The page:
Background Conventional angiography is the diagnostic imaging criteria in 1990 ACR Takayasu Arteritis (TA) Classification Criteria. In recent years, non-invasive imaging methods such as Doppler Ultrasonography (Doppler US), Computerized Tomography Angiography (CT-Ang) and Magnetic Resonance Angiography (MR-Ang) are frequently used in diagnosis and/or follow up in TA. However, studies investigating optimal timing of follow up imaging are rare.1
Objectives This study is aimed to investigate the radiologic changes in vessel involvements of TA patients approximately 1-year after diagnosis.
Methods Database of our Vasculitis Center is retrospectively analyzed and 97 (Female/Male: 90/7) TA patients were included into the study. Demographic, clinical, radiological and therapeutic findings of patients were recorded. Patients with the same imaging method after one year of diagnosis were recruited into the further analysis. Radiological changes in the involved vessels were investigated (Doppler US, CT-Ang, MR-Ang). The effect of different immunosuppressive agents on vessel involvement changes were also studied.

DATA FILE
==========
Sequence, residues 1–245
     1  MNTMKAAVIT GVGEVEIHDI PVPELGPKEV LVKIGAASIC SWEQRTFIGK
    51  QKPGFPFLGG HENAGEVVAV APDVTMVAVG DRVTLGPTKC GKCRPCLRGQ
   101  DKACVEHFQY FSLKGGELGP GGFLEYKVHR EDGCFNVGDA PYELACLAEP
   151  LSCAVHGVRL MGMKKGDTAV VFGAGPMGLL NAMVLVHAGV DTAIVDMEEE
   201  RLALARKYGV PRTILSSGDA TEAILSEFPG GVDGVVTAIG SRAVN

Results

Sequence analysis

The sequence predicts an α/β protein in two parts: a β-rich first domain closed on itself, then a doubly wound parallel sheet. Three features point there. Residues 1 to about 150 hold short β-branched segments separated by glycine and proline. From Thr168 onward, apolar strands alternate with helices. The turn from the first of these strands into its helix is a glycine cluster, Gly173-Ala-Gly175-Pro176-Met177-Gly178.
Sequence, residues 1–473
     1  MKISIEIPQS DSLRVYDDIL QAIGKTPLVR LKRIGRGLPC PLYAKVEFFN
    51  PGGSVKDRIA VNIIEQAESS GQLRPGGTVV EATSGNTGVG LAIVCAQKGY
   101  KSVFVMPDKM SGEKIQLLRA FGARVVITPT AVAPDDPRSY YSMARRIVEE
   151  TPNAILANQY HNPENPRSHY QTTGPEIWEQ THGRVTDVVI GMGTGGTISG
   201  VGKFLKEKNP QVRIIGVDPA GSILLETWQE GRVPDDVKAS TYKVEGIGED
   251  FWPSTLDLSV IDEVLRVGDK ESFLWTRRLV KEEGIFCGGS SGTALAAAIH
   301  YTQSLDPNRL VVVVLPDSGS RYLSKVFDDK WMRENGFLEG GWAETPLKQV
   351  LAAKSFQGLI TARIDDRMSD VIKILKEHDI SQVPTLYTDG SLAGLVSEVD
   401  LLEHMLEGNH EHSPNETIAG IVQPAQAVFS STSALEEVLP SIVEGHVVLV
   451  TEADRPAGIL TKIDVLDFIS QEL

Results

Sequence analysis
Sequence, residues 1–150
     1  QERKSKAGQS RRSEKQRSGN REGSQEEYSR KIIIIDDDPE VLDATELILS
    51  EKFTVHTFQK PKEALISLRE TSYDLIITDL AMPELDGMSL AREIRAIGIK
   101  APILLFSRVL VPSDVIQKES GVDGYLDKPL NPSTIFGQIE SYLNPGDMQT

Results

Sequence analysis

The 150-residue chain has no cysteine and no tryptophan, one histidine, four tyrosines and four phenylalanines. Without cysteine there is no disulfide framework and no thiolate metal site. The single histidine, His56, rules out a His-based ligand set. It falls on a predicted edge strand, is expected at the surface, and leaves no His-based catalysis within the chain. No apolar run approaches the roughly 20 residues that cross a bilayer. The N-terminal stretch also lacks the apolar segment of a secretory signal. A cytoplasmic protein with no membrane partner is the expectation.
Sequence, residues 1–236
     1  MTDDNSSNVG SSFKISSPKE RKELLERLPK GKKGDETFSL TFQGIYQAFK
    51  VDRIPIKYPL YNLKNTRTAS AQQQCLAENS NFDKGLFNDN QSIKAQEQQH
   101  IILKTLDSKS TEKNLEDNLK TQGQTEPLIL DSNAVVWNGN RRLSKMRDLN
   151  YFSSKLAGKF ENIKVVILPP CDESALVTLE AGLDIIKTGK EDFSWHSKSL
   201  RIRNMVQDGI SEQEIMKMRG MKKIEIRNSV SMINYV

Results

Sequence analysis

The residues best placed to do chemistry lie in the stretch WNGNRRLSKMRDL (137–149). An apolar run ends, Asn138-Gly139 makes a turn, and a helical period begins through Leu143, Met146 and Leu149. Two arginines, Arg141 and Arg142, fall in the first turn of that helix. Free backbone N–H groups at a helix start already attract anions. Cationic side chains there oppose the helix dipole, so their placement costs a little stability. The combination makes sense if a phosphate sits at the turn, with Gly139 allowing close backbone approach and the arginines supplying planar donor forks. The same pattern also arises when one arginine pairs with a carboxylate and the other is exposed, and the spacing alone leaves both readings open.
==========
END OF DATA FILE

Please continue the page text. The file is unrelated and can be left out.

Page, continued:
Results Mean ages and disease duration of patients were 43.0 (14.4) and 9.0 (5.1) years, respectively. Subclavian arteries and common carotid arteries were the most frequent involved vessels. All patients were on corticosteroid therapy and additional immunosuppressive agent. Most frequent initial immunosuppressive agents were methotrexate (n=35), cyclophosphamide (n=33), and azathioprine (n=20). Totally 13 (13.4%) patients had been treated with biologic therapies during all follow up.
Fifty patients had a follow-up imaging with the same modality at 12±3 months. Sixty-eight percent of patients had stabile vessel involvements whereas 28% had progression and 4% had regression. No difference was found in radiological changes regarding patients with usage of different immunosuppressive agents (p=0.634). Table 1 shows the comparison of the diagnostic accuracy, coefficient of agreement and AUC results of 4 criteria.
Conclusions Follow-up imaging modalities were investigated in a larger TA patient group than previous studies.1 Almost 30% of TA patients in our Vasculitis center had progression in follow up imaging. This finding was concordant with previous literature. A follow up imaging at around 1-year of treatment, seems feasible in management of TA patients.
Mavrogeni S et al. The role of multimodalityimaging in the Evaluation of TakayasuArteritis. Sem ArthRheum 2013;42:401-412.
Disclosure of Interest None declared